When long-time NASCAR Sprint Cup Series team Michael Waltrip Racing elected to shut their doors at the close of the 2015 season, long-time team investor and partial owner Rob Kauffman was one of the most vocal in the lack of “re-sale” value for any team looking to sell off assets.
It’s pretty simple math. Teams invest millions in to their race teams every year, but between the bulk of that money going in to labor, and with the team’s hard assets (cars, equipment, R&D tools) having a fast depreciation due to the non-stop evolution of technology, it’s easy for a team to have very little value even after multiple successful seasons.
Enter the recently announced “Charter” system.
A principal long established in Formula One, the idea is very simple, give a team a re-sellable, limited-access license to both participate in races and participate in key discussions with the series.
In Formula One this has been a well established practice. Essentially, the FIA only allows for 12 teams to be allowed in to the series with a franchise. You can build your own car, develop your own program, but without the series-granted franchise, you won’t be allowed in.
The effect of this is providing an intangible value to teams long after the value of their equipment. In a sport like Formula One, where mid and backfield teams are constantly shutting down and selling their assets off, the ability to sell off their franchise into the series is often the most valuable part of a team’s acquisition.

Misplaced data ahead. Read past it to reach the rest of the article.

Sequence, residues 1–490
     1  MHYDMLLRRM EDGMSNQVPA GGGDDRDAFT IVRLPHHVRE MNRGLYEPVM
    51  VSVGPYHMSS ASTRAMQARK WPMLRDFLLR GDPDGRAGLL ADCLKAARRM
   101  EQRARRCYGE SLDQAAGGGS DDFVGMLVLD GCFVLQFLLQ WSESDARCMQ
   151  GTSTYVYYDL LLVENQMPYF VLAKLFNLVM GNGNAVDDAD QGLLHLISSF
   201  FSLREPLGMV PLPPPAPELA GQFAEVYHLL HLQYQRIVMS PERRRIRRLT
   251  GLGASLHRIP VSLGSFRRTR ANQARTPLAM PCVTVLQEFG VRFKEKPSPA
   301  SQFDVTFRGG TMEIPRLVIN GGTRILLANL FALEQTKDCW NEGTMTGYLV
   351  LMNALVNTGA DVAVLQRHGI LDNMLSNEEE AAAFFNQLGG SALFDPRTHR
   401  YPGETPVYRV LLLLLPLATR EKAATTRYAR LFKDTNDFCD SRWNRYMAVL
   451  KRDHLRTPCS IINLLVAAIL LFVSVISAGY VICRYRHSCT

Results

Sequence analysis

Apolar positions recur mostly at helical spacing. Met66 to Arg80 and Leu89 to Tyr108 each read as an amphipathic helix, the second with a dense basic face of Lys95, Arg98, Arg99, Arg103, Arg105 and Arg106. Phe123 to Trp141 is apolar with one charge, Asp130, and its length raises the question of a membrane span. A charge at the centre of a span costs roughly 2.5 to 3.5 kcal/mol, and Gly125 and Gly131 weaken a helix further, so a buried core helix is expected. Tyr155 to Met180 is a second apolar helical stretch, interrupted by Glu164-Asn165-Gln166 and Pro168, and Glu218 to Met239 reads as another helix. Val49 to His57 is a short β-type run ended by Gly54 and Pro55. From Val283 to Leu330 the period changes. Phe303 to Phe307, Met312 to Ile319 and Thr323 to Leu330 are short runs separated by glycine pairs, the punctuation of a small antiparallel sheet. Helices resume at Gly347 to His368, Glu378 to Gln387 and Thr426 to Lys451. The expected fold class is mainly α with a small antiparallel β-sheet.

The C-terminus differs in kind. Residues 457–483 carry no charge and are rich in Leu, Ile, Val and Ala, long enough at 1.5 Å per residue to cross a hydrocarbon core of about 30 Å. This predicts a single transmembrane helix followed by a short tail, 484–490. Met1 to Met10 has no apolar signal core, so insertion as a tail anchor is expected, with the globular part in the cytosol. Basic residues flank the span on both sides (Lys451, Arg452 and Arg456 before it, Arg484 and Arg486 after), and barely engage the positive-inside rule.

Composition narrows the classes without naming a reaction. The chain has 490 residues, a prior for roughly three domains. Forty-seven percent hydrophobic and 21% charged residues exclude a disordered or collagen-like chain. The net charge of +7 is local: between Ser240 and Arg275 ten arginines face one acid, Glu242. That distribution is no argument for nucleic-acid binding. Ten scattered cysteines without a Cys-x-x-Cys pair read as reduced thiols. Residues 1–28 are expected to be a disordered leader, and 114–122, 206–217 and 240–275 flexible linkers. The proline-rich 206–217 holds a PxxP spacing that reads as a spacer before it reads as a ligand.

Recognizing the need to drive up value for NASCAR team owners in an era where ratings and attendance begin to stagnate, the essential logic is the same. A team like Michael Waltrip Racing, who have no intention on competing in 2016, were miraculously granted a “Charter” for the 2016 season, giving them something to sell that exceeds the basic sale of team assets.
The biggest value in a team charter is the guarantee of a starting spot in the race. Currently, NASCAR has issued 36 charters, all of whom guarantee that Charter’s vehicle a start among 40 cars in any given race. In other words, only four cars qill qualify for a race WITHOUT a charter. If you’re a season-long entrant trying to guarantee exposure and value for your sponsor, that charter is all of a sudden valuable.
Not every team was granted a Charter for 2016, with NASCAR basing their “grandfather” system on past performance and more importantly prior commitments and follow-through to run the season, so all of a sudden Michael Waltrip Racing has suitors, exactly what Rob Kauffman had hoped for.
Traditionalists will argue the merits against it, or the lack of precedent, but in an era where more and more value needs to be found beyond convention for the series’ stakeholders, it’s both a logical and sensible move.